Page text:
The present study is a cross-sectional survey carried out in 2002–2005 in two municipalities in South-western Sweden. Skaraborg County is located in the southwest of Sweden and in the year 2000 had approximately 270,000 inhabitants. The vast majority have lived in Sweden for generations and only a few per cent are immigrants from countries outside Scandinavia. Within the Skaraborg Project a survey was conducted in 2002–2005 in the municipalities of Vara and Skövde, as previously described in detail (n=2816, with a participation rate of 76%) [17]. The participants aged 30–75 were randomly selected from the population in strata by sex and age. Selected participants were invited by mail to participate in a health survey with two visits. The further selection of the current study population of participants with normal glucose tolerance (NGT) or IGT is shown in Figure 1 (n=2,314, and n=213, respectively). Two subjects had incomplete OGTT, 19 participants did not answer the question on sleep, and 50 subjects did not respond to the question on vitality. The current study populations thus included 2508 participants (lack of sleep) and 2477 (vitality), respectively (Figure 1).
https://static-content.springer.com/image/art%3A10.1186%2F1471-2458-13-700/MediaObjects/12889_2013_Article_5643_Fig1_HTML.jpg
Figure 1

Flowchart of the Skaraborg Project 2002–2005. The total number of participants 2,816, and the participation rate was 76%. Two participants had incomplete OGTT, and of those with NGT or IGT 19 participants did not answer the question on lack of sleep, and 50 subjects did not respond to the question on vitality. The current study populations thus included 2508 participants (lack of sleep) and 2477 (vitality), respectively.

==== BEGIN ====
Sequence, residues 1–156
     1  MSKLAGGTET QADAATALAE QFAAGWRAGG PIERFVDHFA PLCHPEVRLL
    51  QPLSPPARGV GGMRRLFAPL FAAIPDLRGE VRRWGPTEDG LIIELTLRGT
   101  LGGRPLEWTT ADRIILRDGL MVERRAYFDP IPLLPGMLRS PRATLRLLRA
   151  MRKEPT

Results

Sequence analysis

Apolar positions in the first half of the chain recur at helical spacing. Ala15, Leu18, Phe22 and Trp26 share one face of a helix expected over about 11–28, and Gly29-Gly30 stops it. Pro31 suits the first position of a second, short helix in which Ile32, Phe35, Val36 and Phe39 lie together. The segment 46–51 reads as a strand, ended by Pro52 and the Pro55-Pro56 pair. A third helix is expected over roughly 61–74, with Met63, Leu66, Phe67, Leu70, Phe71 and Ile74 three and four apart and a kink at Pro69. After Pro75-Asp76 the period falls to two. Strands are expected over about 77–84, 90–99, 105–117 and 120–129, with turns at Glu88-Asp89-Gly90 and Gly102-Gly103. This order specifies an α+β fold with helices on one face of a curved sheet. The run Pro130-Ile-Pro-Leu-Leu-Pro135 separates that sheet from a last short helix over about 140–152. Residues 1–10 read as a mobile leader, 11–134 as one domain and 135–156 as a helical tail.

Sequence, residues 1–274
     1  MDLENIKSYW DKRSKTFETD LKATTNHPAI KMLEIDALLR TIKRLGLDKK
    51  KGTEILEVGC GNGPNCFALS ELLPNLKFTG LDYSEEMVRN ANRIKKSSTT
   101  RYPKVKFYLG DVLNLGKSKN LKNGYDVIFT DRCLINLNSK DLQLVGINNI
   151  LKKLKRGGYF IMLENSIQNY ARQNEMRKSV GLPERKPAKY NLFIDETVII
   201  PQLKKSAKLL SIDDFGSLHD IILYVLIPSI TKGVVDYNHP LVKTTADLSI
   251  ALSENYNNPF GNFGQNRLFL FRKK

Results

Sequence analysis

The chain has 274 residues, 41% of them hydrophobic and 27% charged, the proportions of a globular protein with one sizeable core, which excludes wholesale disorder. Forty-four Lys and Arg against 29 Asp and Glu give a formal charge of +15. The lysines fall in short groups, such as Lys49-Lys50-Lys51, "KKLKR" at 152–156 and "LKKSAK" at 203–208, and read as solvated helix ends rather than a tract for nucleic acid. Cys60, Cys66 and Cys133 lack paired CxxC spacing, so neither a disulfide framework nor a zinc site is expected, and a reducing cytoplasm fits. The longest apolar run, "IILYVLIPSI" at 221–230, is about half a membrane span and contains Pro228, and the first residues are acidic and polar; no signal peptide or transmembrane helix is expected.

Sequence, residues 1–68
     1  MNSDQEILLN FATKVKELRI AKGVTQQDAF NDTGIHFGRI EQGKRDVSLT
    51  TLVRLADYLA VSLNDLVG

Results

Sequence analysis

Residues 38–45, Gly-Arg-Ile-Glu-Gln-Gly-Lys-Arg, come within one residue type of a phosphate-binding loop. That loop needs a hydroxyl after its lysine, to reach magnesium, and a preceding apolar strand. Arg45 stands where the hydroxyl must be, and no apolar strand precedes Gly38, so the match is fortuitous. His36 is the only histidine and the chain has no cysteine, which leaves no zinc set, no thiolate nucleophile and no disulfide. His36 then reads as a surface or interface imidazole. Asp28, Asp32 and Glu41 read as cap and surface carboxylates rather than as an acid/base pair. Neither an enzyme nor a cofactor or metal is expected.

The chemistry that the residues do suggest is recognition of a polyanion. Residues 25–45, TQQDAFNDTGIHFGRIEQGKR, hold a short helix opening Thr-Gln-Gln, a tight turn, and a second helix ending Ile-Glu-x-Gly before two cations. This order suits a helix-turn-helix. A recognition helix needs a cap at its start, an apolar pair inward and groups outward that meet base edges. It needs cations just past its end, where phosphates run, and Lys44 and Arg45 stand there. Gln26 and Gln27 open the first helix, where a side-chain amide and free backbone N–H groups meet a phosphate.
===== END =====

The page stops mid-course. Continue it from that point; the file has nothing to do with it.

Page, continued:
Study procedures

On the first study visit, specially educated laboratory assistants obtained blood samples in the morning after an overnight fast (10 h). Plasma glucose was analysed at the hospital laboratory at Kärnsjukhuset, Skövde, Sweden. During the OGTT, the participants were asked to answer a questionnaire covering information about medical history, current medications, socio-economic factors, smoking habits, leisure time physical activity (LTPA), self-rated health and sleeping disorders. The question regarding sleeping disorders used for this paper was: Do you think that you get enough sleep to feel thoroughly rested? The participants chose one of three alternative answers: 1. Yes, usually. 2. Yes, but not often enough. 3. No, never or almost never. The question regarding symptoms of vitality was: Have you during the last four weeks felt full of vitality? The six reply alternatives were: 1. Yes, all of the time 2. Yes, most of the time. 3. Yes, a lot of the time. 4. Some of the time. 5. No, almost never. 6. No, not at all. The question was categorized, all/most of the time, a lot of/some of the time and almost never/not at all, in 3 categories. The question regarding LTPA had four answer alternatives and low physical activity levels 1 and 2, while levels 3–4 were considered physically active [17]. Information on alcohol consumption was collected by a validated questionnaire measuring the total intake of alcohol by beer, wine, and spirits over a 30-days period [18]. A standard resting blood pressure and the anthropometric measures were measured on a second visit two weeks later by two specially trained nurses. Current smoking was defined as daily smoking (yes/no). Concentrations of serum cholesterol were determined using standard procedures. All participants were tested for fasting plasma glucose (FPG), and an OGTT was performed in all patients without a known diagnosis of diabetes. Diagnoses of IFG, IGT and diabetes were determined according to recommendations by WHO [19].